Nunavut Tourism redefines itself
Organization set to refocus energy on development angle

Kerry McCluskey
Northern News Services

IQALUIT (Dec 07/98) - During Nunavut Tourism's fourth annual conference and general meeting in Iqaluit last week, the membership conveyed a strong message to the executive: change the way the operation is run.

According to Paul Landry, the president of the association, strategic planning sessions with a consulting firm and Nunavut Tourism's staff, board of directors and members, made it clear that outfitters and tourism operators across the territory wanted the organization to focus more on product development.

Landry said the 50-odd members present at the meetings felt that enough marketing had been done for at least two or three years and that it was time for the organization to focus their energy on upscaling the products they had to offer their clientele.

"Tourism development and training has to be a priority over the next number of years," Landry said.

A all-encompassing term that involves anything that betters the services for people visiting the territory, tourism development will allow those in the industry to offer a more standardized and better quality stay.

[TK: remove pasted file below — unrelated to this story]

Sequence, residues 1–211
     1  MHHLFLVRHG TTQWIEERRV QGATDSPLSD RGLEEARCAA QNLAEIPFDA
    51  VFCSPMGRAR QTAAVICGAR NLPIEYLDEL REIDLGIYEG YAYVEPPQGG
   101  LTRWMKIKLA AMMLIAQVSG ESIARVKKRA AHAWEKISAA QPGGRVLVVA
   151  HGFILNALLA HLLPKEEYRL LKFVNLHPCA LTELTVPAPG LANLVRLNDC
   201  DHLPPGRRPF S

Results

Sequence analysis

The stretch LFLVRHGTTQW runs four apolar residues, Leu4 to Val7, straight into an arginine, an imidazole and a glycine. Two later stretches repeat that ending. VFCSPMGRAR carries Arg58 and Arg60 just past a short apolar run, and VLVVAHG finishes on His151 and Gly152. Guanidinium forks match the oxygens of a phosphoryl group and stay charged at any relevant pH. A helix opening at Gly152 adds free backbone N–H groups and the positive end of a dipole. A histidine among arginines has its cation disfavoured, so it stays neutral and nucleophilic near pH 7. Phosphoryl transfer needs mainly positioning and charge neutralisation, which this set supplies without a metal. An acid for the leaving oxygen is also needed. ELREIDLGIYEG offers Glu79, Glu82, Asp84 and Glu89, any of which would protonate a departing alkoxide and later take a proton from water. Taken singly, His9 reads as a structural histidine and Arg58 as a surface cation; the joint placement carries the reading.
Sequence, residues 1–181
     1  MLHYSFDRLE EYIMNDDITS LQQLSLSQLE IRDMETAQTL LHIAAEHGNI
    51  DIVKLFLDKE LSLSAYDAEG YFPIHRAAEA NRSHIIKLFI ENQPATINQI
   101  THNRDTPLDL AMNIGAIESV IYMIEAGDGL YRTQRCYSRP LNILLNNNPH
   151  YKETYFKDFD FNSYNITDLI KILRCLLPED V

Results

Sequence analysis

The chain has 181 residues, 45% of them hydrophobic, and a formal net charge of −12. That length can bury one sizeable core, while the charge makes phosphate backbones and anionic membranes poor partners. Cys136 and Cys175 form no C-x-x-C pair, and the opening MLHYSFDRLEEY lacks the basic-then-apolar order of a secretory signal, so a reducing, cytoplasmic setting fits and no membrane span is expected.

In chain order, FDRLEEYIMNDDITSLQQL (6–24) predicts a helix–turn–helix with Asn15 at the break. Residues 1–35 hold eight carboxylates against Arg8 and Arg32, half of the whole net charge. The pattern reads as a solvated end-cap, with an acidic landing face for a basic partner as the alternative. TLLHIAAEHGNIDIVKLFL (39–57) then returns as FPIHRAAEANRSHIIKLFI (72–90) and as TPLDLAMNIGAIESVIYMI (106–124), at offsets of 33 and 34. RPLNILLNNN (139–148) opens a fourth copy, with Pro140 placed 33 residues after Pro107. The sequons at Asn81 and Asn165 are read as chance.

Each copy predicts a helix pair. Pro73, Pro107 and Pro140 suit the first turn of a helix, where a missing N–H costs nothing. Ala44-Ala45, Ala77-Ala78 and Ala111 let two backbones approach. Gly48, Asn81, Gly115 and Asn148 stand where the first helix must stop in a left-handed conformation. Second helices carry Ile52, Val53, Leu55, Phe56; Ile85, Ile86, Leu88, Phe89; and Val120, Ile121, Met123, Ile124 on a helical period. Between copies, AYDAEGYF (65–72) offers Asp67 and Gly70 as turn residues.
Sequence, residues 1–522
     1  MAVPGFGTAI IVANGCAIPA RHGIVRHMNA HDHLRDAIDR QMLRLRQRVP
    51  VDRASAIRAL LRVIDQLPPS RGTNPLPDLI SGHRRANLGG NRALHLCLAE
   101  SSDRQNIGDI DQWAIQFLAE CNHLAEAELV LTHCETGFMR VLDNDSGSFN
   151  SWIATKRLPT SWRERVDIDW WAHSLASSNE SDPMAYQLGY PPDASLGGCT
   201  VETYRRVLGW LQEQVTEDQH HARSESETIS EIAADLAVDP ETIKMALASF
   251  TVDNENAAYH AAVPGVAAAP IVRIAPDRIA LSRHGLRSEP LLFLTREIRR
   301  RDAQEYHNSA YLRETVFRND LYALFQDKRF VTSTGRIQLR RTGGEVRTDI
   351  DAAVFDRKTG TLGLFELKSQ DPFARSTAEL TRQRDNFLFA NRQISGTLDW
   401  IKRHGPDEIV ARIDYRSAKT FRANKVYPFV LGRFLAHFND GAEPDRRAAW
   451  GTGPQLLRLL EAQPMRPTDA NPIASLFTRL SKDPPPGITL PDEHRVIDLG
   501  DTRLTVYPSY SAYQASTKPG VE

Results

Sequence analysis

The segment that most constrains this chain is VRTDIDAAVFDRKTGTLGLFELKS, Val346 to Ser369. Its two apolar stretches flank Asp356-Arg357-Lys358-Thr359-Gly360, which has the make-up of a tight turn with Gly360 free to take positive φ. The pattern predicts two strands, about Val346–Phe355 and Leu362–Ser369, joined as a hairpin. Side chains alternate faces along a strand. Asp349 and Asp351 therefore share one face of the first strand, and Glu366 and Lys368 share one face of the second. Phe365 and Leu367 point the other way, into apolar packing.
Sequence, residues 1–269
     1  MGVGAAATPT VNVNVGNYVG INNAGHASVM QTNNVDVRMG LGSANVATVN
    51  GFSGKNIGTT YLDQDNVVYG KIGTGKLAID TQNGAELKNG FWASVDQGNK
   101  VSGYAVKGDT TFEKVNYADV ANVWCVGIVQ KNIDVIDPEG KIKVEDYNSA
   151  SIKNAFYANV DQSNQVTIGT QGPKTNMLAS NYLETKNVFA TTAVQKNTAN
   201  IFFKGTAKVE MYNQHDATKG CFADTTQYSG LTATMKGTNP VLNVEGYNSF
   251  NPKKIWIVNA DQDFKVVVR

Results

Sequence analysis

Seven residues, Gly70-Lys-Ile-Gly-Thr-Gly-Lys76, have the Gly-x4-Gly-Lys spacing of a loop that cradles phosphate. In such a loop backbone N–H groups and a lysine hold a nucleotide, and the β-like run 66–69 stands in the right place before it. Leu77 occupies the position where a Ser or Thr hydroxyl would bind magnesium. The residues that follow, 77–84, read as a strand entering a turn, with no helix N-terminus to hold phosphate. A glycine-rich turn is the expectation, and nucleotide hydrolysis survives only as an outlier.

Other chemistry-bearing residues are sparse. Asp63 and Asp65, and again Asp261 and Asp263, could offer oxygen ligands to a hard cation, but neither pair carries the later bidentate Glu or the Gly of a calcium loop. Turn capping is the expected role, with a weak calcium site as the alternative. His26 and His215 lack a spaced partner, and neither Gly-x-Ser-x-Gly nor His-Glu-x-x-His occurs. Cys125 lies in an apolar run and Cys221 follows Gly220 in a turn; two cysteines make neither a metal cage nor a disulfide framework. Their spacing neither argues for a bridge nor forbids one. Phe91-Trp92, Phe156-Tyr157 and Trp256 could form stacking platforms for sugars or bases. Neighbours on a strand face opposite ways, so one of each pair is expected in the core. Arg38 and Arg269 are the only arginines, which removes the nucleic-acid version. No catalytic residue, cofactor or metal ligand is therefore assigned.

"We need to meet a certain level of standards because clients pay more to come here than they pay to go to the jungles of South America," Landry said.

Members also identified improved communication and increased membership services as priorities the board must consider during their changes.

The results of a five-city, $100,000 focus group study were released during the AGM with the main purpose being to provide industry workers with a better idea of what kind of products they should develop and who they should market them to, Landry said.

The findings indicated that most tourists interested in Nunavut were between the ages of 40-55, very educated, had travelled extensively and were looking for an educational, environmentally-safe experience. They also wanted to experience Inuit culture and liked to see people dressed in traditional skin clothing.